Here are some valid reasons to change churches:
1. Our child does not want to go to church at all because nothing at the church relates to his or her life. While every child goes through the occasional “I don’t feel like going to church” phase, when the “phase” becomes a clear pattern, our child’s spiritual well being is in trouble. It is time to find a church that will relate to our child for his or her own spiritual health. Read this powerful book to help you know if your church is helping or hindering your childn's faith, Already Gone: Why your kids will quit church and what you can do to stop it.
2. Our child is faithful to attend church but there really is nothing for them to do at church but sit and listen. If our church offers nothing at all for young people, even though they are faithfully there, then something is wrong with the church as a whole. While some churches offer more or less in the way of programming, every church ought to offer something. If there is a faithful group of young people coming to church and the church simply ignores then, it is definitely time to find a new church! Read Barna's great book,Transforming Children Into Spiritual Champions: Why Children Should Be Your Church's #1 Priority.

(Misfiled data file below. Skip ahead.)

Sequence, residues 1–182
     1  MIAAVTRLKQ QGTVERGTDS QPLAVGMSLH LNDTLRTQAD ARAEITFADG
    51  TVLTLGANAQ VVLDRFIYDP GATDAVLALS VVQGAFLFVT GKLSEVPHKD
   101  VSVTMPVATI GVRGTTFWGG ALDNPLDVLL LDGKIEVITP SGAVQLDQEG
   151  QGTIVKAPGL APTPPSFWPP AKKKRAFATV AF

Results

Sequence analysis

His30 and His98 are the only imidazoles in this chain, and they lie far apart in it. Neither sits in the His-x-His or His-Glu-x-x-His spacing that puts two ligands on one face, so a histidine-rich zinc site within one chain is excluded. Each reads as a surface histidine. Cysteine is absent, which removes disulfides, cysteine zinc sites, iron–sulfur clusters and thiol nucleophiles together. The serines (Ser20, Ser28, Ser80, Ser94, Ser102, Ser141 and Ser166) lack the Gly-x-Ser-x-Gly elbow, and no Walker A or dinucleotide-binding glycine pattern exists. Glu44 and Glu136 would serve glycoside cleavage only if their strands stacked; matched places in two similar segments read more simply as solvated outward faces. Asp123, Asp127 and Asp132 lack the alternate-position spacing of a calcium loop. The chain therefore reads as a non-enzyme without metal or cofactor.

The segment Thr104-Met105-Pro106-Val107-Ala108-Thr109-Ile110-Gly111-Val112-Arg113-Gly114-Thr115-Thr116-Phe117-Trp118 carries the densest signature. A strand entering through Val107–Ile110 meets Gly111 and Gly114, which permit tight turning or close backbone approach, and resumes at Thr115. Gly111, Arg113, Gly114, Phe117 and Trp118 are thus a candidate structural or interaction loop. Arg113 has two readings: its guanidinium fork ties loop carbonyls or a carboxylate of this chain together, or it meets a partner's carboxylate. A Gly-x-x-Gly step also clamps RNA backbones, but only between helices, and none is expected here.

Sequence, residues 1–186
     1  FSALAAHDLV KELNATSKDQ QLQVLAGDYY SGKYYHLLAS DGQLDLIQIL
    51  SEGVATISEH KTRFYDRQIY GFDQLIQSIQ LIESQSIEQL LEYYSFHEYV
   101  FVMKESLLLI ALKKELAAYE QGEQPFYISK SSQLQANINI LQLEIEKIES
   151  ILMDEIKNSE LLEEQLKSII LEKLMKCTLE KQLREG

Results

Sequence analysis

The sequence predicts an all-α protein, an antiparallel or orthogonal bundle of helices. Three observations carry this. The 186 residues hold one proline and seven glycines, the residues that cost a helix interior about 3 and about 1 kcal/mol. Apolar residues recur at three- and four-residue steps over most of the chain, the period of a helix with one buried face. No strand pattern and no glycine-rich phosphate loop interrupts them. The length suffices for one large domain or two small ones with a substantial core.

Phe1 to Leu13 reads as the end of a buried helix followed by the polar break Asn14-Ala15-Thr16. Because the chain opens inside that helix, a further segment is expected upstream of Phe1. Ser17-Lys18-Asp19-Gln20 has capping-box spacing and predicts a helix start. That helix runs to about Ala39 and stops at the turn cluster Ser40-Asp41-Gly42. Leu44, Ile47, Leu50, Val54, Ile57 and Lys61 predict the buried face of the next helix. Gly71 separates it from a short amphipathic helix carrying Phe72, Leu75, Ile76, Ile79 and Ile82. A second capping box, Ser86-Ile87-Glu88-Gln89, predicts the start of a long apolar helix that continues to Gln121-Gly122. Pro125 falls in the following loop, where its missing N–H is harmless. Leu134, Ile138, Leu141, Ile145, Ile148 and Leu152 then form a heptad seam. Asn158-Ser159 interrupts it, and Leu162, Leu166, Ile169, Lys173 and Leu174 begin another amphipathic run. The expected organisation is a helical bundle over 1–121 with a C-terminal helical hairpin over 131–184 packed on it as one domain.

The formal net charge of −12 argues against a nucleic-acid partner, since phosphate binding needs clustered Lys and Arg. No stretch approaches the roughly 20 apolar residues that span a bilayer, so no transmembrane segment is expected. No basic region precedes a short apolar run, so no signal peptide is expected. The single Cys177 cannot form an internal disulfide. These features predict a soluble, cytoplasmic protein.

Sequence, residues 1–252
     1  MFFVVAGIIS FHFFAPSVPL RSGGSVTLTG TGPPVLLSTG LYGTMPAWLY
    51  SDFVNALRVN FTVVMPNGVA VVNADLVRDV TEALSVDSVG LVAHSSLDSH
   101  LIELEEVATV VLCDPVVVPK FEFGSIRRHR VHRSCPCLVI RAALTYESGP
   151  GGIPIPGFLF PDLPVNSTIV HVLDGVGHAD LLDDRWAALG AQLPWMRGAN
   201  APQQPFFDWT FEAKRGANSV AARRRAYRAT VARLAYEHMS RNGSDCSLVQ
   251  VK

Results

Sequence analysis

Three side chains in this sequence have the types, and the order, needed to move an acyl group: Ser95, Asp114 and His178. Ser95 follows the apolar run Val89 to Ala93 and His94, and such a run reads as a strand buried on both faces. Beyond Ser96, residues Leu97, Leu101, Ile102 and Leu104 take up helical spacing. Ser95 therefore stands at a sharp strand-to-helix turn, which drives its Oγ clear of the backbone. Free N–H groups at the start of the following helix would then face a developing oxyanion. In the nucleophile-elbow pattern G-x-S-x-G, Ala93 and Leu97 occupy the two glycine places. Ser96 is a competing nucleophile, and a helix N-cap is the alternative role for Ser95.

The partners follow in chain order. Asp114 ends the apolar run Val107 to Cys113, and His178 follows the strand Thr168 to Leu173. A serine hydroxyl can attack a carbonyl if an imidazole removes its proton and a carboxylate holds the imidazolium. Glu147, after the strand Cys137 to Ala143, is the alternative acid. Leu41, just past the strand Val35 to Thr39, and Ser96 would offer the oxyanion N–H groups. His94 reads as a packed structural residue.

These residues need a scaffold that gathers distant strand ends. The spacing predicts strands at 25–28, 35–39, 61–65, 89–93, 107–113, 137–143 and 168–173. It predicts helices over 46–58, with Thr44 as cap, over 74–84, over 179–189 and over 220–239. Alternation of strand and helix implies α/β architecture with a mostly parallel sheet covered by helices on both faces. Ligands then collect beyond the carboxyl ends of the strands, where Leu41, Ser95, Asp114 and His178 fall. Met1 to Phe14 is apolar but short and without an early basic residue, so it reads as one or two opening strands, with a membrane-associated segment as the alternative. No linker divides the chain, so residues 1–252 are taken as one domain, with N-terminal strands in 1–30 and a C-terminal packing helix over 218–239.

3. Our child would like to serve the Lord in some way, but the church has no avenue for them to do so. While very young children may be limited in what they can do for the Lord, as children approach adulthood, they will want to do something to serve. Perhaps it might be to help take the offering, or offer a prayer, or sing a song, or help in a class for younger children or pass out bulletins, etc. A church should be using their young people and training them to take over when the adults are gone. If a church is not willing to use the young people that God has already given them, those churches should not be surprised when the young people find a new place where they can serve the Lord. Youth are not the “church of tomorrow,” they are the church of today. Consider another of Barna's books, Revolutionary Parenting: Raising Your Kids to Become Spiritual Champions.
If we find that our family is considering changing churches, we should proceed slowly. We must pray through the situation thoroughly. We should think through the comments above objectively. We should discuss the subject with the entire family openly. If our family does decide to change churches, we owe it to our current pastor to sit down and have an open, honest, and loving discussion of why we are going elsewhere. If we have made commitments to help lead a program, we should remain in that position until our current term ends so that we don’t leave our current church hanging. If we are part of the leadership team, we need to be very careful about how our actions will affect the team. Books such as Developing Leadership Teams in the Bivocational Church, especially the final chapter, can help us think through that issue. If we do have to leave, it should always be on good terms, who knows, we may find ourselves back one day!